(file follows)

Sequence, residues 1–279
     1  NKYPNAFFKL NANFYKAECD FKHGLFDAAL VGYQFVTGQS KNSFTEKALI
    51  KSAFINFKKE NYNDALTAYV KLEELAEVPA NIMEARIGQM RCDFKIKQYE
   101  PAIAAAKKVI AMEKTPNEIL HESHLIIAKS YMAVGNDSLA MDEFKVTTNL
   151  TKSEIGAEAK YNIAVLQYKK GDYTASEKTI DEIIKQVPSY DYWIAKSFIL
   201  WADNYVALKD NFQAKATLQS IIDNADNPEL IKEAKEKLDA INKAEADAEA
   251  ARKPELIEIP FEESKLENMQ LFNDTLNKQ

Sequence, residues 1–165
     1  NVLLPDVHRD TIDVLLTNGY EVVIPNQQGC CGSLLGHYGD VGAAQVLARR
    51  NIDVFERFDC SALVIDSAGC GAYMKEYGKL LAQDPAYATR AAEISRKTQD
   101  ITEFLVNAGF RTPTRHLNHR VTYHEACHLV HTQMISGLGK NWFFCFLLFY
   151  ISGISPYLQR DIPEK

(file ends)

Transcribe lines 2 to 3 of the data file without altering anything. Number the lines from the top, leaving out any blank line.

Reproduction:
     1  NKYPNAFFKL NANFYKAECD FKHGLFDAAL VGYQFVTGQS KNSFTEKALI
    51  KSAFINFKKE NYNDALTAYV KLEELAEVPA NIMEARIGQM RCDFKIKQYE